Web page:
Anders Behring Breivik said at his trial today his shooting and bomb attacks were "sophisticated and spectacular" and that he would do the same thing again.
Mr Breivik, 33, has pleaded not guilty and said he was defending his country by carrying out the attacks.
He set off a car bomb that killed eight people at government headquarters in Oslo last July, then killed another 69 people in a shooting rampage at a youth summer camp organised by the ruling Labour party.
Taking the stand at his trial for the first time, Mr Breivik read a statement for an hour, ignoring pleas from the judge to stop and sparking criticism from victims he was being allowed to use the trial for violent propaganda.
The killer invoked Native American warriors such as Sitting Bull, raged against Islam and multicultural "hell" and warned of "rivers of blood" in Europe.
"I have carried out the most sophisticated and spectacular political attack committed in Europe since the Second World War," Mr Breivik told the court in a monotonous, unemotional voice.
"They [Norwegians] risk being a minority in their own capital in their own country in the future."
"Yes, I would have done it again, because offences against my people ... are many times as bad," he said.
While he has admitted the killings and will likely be kept behind bars for the rest of his life, Mr Breivik's main objective is to prove he is sane, a court judgment that he sees as vindicating his anti-Muslim and anti-immigration cause.
The high school dropout has said being labelled insane would be a "fate worse than death."
If found guilty and sane, Mr Breivik faces a maximum 21-year sentence but could be held indefinitely if he is considered a continuing danger. If declared insane, he would be held in a psychiatric institution indefinitely with periodic reviews.
Norway does not have the death penalty.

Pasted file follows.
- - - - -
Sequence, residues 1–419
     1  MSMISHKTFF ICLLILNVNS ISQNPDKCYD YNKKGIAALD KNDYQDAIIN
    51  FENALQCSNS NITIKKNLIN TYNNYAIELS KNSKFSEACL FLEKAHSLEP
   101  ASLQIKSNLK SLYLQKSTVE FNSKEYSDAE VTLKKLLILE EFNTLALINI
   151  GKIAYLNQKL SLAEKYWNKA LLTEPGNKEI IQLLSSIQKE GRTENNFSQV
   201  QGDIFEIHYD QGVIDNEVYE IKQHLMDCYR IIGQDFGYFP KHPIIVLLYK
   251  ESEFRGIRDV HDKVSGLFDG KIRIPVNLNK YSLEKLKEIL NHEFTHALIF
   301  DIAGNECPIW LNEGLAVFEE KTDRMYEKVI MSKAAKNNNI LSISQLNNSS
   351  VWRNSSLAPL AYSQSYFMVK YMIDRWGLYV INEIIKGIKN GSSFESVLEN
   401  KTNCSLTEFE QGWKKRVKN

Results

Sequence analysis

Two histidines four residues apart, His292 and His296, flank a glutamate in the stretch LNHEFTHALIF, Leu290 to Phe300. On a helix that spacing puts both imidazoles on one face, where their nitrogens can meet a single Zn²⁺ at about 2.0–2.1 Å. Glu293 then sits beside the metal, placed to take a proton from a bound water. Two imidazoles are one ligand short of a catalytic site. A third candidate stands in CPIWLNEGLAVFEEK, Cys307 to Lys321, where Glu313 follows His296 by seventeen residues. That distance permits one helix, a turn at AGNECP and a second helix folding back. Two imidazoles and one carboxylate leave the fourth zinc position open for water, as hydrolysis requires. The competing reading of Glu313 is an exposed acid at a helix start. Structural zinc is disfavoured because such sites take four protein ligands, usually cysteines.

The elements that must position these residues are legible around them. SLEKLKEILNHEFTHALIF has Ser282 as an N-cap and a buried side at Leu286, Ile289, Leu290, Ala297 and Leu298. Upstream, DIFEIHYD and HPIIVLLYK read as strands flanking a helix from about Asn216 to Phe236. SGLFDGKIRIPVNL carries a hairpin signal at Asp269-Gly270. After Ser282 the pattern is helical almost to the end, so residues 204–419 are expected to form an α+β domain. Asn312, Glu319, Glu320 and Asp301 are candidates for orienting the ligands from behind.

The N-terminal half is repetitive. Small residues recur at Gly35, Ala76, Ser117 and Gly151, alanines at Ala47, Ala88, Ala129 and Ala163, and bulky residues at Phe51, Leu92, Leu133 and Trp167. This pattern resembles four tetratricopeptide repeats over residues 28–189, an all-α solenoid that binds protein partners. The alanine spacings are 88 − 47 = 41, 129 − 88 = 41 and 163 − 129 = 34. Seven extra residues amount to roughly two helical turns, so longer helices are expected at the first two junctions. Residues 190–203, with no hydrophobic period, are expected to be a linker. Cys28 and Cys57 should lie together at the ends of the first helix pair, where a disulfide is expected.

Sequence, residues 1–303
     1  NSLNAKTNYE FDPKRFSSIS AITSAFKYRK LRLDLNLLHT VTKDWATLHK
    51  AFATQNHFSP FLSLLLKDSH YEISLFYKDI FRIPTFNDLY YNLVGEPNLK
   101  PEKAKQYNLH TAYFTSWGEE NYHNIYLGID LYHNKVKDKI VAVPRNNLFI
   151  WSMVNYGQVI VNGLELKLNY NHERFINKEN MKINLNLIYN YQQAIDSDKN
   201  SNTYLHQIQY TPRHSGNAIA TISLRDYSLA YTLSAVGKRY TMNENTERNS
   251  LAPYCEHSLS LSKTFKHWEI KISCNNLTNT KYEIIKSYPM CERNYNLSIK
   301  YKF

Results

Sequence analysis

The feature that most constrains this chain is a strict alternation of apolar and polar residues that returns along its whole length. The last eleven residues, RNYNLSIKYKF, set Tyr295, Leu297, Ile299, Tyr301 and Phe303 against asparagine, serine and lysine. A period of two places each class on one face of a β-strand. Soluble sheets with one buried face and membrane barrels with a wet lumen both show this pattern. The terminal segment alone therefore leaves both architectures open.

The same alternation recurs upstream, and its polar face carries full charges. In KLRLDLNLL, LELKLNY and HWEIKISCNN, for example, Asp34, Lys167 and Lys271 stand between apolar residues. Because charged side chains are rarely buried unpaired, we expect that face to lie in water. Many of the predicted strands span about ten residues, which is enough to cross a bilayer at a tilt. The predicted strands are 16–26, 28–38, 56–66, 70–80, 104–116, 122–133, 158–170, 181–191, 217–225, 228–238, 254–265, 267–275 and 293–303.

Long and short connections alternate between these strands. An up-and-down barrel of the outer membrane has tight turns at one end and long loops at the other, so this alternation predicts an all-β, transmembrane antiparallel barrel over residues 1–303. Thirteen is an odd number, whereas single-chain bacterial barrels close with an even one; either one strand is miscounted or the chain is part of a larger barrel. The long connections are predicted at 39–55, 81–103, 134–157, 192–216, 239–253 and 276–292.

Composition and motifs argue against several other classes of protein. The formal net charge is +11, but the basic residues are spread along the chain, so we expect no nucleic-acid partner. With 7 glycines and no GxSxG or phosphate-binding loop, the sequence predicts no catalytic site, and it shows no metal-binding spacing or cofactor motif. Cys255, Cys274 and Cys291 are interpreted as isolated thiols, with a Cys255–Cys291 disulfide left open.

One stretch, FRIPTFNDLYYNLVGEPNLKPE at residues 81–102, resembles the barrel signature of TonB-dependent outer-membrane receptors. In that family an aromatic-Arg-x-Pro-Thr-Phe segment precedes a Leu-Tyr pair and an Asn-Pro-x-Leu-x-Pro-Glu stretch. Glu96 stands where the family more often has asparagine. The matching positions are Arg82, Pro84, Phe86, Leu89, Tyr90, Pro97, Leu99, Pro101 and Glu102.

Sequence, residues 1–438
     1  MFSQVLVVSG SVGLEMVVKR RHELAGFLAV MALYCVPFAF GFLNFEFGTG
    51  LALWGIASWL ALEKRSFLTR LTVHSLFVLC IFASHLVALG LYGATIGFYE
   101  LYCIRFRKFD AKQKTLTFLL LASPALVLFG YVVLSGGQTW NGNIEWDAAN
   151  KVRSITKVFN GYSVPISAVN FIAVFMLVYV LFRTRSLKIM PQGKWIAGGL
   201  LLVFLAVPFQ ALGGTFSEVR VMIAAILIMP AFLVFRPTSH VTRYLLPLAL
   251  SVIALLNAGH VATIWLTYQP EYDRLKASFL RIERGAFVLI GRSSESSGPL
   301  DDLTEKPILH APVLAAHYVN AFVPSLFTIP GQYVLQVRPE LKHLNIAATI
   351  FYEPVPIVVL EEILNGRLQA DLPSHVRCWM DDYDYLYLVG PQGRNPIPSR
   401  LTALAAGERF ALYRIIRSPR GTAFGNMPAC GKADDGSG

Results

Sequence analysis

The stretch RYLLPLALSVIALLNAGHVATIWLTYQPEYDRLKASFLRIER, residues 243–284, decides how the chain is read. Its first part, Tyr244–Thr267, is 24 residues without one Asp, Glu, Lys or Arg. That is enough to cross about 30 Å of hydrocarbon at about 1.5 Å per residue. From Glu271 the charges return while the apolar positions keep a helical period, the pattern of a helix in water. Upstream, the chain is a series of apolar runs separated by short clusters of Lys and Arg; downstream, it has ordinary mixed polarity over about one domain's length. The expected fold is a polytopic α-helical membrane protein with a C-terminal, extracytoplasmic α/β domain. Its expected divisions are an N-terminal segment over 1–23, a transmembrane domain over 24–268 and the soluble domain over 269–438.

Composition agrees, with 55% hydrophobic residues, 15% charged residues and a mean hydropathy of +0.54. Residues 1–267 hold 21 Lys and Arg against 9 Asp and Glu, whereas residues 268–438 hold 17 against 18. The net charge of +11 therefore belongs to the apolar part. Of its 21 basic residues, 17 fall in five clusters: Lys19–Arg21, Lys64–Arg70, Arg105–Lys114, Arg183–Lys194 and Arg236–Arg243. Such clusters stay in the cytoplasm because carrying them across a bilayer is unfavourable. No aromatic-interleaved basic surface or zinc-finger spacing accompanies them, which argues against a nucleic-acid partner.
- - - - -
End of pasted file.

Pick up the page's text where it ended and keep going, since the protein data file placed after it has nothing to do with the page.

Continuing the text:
Mr Breivik's testimony was not broadcast on television due to concerns that the gunman could use the trial as propaganda for his violent cause.
The day began in controversy after the court dismissed a lay judge after he posted a comment on a Facebook page days after the massacre saying the gunman should face the death penalty.
Two professional judges, as well as three lay judges chosen from civil society, preside over the court. The judge, who will be replaced, posted: "The death penalty is the only just outcome of this case" on a web page.
Mr Breivik appeared for the first time in court yesterday, giving a clenched-fist salute, smirking at the court and pleading not guilty.
He listened impassively for hours as prosecutors read out an indictment detailing how he massacred teenagers trapped on an island resort outside Oslo. He only shed tears when the court later showed one of his propaganda videos.
Mr Breivik shot most of his victims several times, often using the first shot to take down his target then following up with a shot to the head.
His youngest victim was 14. He later surrendered as "commander of the Norwegian resistance movement".
The trial is scheduled to last 10 weeks.
More than 200 people sat in the specially built courtroom while about 700 attack survivors and family members of victims watched on closed-circuit video around the country.
Mr Breivik’s defence team has called 29 witnesses to argue he was sane, with a world view shared by a narrow group of people.
His proposed witnesses include Mullah Krekar, the Kurdish founder of Islamist group Ansar al-Islam, who was recently jailed in Norway for making death threats, and "Fjordman", a right-wing blogger who influenced Mr Breivik.